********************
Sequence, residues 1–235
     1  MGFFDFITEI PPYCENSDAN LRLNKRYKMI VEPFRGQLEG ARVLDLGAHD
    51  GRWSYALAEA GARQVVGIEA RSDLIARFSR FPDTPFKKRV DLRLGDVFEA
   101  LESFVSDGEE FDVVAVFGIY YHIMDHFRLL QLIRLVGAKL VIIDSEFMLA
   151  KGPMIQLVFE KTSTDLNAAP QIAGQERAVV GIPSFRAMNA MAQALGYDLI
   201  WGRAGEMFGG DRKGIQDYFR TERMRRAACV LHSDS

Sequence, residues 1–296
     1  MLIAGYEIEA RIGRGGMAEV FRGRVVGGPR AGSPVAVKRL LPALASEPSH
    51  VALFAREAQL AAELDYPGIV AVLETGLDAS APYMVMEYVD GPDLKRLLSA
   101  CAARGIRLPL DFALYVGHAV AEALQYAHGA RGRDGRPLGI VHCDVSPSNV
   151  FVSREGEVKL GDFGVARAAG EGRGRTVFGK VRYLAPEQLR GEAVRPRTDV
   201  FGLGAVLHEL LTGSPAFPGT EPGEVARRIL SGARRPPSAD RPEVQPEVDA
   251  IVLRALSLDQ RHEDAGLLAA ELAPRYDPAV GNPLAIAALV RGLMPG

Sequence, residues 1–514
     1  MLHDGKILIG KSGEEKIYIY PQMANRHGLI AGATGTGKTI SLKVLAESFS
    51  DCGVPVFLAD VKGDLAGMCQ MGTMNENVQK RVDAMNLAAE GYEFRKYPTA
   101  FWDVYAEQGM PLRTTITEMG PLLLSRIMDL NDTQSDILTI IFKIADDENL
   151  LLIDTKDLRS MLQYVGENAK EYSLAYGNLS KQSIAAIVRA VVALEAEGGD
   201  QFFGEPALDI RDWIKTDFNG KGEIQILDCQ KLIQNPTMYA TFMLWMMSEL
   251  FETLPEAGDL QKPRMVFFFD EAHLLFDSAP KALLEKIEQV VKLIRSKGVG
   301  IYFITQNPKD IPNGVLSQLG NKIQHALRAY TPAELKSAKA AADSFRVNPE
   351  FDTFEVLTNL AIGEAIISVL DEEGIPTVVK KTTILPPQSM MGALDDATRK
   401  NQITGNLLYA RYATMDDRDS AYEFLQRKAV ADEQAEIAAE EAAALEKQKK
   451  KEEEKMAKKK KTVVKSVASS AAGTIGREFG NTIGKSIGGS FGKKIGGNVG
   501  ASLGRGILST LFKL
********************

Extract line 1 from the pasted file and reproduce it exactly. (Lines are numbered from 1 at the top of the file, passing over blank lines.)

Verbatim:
Sequence, residues 1–235